The employer submits the reintegration plan to the employee:
The employer, who considers it technically or objectively impossible or reasonably impossible on founded grounds to establish a reintegration plan, states the reasons thereof in a report, which he submits to the employee and the prevention adviser-labour doctor.
Within 5 working days following receipt of the reintegration plan, the employee must decide
whether or not he accepts the reintegration plan.
If he does, he signs the plan and returns it to the employer.
If he does not, he returns the reintegration plan to the employer with a statement of the reasons why he does not accept the plan.
The reintegration procedure is terminated when:
Force majeure (by way of example, definite and complete incapacity to perform work) has always
been included in the law of 3 July 1978 relating to employment contracts as a basis of termination
of the employment contract.
However, it is very difficult to invoke termination of an employment contract on the basis of force majeure, simply because it is almost impossible to submit evidence of such definite and complete incapacity to perform work.
The law of 17 July 1985 introduced stipulations on the subject into the law of 3 July 1978, but this law never became effective.
This uncertainty has now been resolved.
The new article 34 of the law of 3 July 1978 stipulates that the definite incapacity to perform the agreed upon work due to illness or accident can be invoked as force majeure only after the final termination of the reintegration procedure.
In principle, the employee maintains the acquired benefits and advantages during the period of
performance of the adapted work or the other work.
Nevertheless, the employer and employee may agree in an annexe to the employment contract on derogating arrangements relating to the volume, the work time schedule and the nature of the other or adapted work and the salary for the alternative or adapted work.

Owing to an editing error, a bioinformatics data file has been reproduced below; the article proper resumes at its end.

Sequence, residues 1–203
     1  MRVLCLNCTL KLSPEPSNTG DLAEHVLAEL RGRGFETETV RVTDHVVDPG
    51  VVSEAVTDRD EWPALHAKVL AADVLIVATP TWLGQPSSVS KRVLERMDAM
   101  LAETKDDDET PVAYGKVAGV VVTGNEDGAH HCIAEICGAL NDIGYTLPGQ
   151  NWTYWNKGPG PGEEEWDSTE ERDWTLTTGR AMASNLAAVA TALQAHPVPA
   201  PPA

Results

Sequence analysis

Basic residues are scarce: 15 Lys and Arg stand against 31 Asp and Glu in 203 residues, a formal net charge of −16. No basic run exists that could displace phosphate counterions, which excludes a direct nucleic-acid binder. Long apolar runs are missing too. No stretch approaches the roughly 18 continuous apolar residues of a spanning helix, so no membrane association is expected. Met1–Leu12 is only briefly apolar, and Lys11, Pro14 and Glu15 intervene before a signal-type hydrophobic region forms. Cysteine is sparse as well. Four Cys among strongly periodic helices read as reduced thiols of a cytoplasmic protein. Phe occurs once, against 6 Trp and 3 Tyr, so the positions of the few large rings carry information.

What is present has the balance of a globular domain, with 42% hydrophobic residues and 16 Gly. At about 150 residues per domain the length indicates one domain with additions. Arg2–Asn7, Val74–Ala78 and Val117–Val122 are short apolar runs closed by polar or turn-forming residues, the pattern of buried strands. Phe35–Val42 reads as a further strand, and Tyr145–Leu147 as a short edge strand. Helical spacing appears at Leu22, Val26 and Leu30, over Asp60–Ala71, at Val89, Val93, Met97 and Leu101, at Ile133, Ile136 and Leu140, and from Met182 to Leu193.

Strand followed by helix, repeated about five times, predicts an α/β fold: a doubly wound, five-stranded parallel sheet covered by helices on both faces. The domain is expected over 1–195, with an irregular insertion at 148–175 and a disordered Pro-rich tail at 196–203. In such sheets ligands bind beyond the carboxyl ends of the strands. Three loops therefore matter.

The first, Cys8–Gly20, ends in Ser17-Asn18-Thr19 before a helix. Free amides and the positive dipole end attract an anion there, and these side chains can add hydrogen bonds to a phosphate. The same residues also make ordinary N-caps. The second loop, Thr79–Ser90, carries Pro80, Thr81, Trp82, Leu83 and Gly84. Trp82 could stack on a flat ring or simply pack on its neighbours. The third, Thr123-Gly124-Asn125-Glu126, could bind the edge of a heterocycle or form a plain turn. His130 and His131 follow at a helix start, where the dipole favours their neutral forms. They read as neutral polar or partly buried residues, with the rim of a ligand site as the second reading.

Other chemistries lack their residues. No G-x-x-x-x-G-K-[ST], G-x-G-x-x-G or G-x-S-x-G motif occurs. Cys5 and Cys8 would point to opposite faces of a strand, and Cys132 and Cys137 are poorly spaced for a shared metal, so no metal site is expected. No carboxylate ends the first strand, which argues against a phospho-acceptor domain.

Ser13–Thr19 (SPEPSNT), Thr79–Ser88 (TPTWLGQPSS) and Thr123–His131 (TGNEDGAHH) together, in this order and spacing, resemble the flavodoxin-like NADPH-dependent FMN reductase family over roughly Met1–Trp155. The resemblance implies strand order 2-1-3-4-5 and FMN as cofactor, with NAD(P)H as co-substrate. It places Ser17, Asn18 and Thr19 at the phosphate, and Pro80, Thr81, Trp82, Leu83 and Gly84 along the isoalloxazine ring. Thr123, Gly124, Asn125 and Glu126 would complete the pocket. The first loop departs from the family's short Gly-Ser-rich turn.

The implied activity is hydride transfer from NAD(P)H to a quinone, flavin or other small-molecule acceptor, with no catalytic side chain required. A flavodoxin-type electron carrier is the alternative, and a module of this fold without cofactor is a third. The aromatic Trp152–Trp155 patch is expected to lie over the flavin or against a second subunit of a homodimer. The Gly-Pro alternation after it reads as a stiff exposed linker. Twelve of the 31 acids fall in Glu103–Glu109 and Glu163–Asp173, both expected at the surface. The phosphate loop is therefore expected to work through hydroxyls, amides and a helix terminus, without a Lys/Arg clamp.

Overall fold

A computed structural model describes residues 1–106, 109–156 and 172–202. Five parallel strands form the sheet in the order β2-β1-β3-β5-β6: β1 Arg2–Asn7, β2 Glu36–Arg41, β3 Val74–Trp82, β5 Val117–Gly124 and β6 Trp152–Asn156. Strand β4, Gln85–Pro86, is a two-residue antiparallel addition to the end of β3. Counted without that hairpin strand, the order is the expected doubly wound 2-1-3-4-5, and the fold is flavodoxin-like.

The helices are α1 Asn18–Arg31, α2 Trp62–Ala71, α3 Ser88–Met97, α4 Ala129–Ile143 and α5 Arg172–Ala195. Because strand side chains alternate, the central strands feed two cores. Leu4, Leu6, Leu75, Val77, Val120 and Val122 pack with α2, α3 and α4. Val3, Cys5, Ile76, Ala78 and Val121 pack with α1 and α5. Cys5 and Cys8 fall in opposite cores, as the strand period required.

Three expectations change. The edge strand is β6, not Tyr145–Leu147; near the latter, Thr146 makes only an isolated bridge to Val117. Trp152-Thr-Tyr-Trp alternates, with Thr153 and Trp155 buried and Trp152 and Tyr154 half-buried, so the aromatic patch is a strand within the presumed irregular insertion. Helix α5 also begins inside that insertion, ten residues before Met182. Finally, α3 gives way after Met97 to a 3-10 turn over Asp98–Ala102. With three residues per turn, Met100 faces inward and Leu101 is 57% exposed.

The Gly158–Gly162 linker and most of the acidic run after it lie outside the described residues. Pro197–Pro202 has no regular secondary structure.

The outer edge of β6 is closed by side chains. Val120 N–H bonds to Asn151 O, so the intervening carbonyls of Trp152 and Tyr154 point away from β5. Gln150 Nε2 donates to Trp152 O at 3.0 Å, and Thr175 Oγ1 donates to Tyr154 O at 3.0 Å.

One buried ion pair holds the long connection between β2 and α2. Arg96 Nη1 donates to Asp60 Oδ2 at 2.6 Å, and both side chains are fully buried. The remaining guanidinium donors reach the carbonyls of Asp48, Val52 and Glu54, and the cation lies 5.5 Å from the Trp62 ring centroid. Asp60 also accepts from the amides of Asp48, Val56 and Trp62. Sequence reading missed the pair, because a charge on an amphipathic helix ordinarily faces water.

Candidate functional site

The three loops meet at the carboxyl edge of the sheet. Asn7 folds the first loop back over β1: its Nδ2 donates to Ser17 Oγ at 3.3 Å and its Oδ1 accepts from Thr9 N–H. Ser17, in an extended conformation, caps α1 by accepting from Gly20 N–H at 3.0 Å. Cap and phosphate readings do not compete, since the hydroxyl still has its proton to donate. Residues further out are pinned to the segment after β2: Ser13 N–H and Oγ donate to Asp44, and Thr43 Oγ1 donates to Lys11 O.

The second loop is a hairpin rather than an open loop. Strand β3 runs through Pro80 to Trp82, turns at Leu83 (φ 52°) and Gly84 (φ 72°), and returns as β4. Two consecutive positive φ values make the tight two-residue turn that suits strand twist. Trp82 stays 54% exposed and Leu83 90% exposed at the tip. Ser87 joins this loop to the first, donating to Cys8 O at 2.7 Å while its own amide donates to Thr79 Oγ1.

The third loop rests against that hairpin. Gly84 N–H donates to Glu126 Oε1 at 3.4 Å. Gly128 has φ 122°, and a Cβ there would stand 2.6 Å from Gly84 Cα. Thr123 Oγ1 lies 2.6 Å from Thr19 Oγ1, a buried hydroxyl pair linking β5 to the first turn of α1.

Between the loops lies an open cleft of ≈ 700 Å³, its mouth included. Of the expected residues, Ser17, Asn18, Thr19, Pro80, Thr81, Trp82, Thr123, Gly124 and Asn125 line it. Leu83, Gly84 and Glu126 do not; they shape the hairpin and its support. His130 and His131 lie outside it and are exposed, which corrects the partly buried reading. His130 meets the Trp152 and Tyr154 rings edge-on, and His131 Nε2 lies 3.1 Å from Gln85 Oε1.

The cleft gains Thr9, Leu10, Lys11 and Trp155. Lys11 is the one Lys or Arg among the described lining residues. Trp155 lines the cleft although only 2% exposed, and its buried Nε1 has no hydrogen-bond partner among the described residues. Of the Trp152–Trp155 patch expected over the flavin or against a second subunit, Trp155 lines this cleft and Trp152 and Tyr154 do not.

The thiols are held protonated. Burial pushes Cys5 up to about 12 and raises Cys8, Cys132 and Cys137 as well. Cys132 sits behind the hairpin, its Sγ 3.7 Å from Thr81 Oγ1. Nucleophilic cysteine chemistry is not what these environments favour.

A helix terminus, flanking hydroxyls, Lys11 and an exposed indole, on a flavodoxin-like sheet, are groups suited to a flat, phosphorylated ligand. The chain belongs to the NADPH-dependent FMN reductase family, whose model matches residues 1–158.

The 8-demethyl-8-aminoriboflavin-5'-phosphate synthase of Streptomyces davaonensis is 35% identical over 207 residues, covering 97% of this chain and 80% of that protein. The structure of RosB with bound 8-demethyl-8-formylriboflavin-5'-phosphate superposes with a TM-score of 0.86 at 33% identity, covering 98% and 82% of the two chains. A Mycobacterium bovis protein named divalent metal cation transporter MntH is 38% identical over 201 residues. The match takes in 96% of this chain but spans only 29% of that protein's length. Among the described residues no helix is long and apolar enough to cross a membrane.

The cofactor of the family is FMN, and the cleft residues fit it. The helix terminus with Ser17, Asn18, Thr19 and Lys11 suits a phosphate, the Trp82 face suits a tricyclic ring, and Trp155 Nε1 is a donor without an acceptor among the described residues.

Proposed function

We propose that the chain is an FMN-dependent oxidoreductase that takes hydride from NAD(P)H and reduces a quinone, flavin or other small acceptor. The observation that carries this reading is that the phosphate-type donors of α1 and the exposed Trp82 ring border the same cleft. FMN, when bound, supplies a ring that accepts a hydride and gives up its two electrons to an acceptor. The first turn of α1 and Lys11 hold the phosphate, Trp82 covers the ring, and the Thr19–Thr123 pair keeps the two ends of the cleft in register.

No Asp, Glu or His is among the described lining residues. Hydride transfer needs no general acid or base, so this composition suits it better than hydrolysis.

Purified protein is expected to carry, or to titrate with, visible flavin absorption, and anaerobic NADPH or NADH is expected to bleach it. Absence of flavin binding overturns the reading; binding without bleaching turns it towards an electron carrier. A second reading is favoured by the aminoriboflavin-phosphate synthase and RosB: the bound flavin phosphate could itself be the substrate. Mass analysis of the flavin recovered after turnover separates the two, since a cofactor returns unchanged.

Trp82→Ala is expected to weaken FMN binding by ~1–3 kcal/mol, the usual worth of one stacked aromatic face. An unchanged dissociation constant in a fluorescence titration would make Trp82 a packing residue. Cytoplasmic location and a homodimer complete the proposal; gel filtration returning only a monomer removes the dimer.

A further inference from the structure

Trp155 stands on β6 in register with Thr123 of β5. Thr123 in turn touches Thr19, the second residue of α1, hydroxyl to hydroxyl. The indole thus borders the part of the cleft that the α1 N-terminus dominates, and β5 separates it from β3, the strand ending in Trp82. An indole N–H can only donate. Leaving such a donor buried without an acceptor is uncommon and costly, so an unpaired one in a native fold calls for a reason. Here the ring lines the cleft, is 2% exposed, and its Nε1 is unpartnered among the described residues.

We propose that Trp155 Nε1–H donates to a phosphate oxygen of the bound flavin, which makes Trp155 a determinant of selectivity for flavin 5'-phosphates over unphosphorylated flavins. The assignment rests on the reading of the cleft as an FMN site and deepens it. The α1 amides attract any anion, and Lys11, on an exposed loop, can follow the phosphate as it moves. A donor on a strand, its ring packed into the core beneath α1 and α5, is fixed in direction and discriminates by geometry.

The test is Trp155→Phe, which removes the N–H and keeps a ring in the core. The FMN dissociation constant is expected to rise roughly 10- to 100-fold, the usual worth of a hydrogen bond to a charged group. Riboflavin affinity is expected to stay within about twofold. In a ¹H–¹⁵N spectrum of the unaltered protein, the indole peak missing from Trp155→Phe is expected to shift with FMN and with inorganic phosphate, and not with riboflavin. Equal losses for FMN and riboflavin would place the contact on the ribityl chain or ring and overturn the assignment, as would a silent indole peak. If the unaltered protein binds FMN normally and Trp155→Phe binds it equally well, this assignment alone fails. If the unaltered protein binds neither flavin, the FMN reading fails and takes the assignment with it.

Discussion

In case of termination of the employment contract in the course of the period of performance of the other or adapted work, the severance pay is calculated on the basis of the annual remuneration, the employee would have been entitled to on the basis of the employment contract, if he had not adapted his work.
In the case of incapacity to work due to illness or accident in the course of the period of performance of the other or adapted work, the employer is not liable for payment of the guaranteed salary.
In view of developing an efficient reintegration policy, the employer consults on a regular
basis, and at least once a year, with the committee prevention and protection at work on the
possibilities – at a general level – with respect to adapted or other work and the measures to
adapt the work places, and this in the presence of the prevention adviser-labour doctor and, as the
case may be, other qualified prevention advisers.
The collective aspects of the reintegration are assessed once a year and a consultation is organized within the committee on the basis of a quantative and qualitative report of the prevention adviser-labour doctor. If required, the reintegration policy is adapted taking into consideration of this report.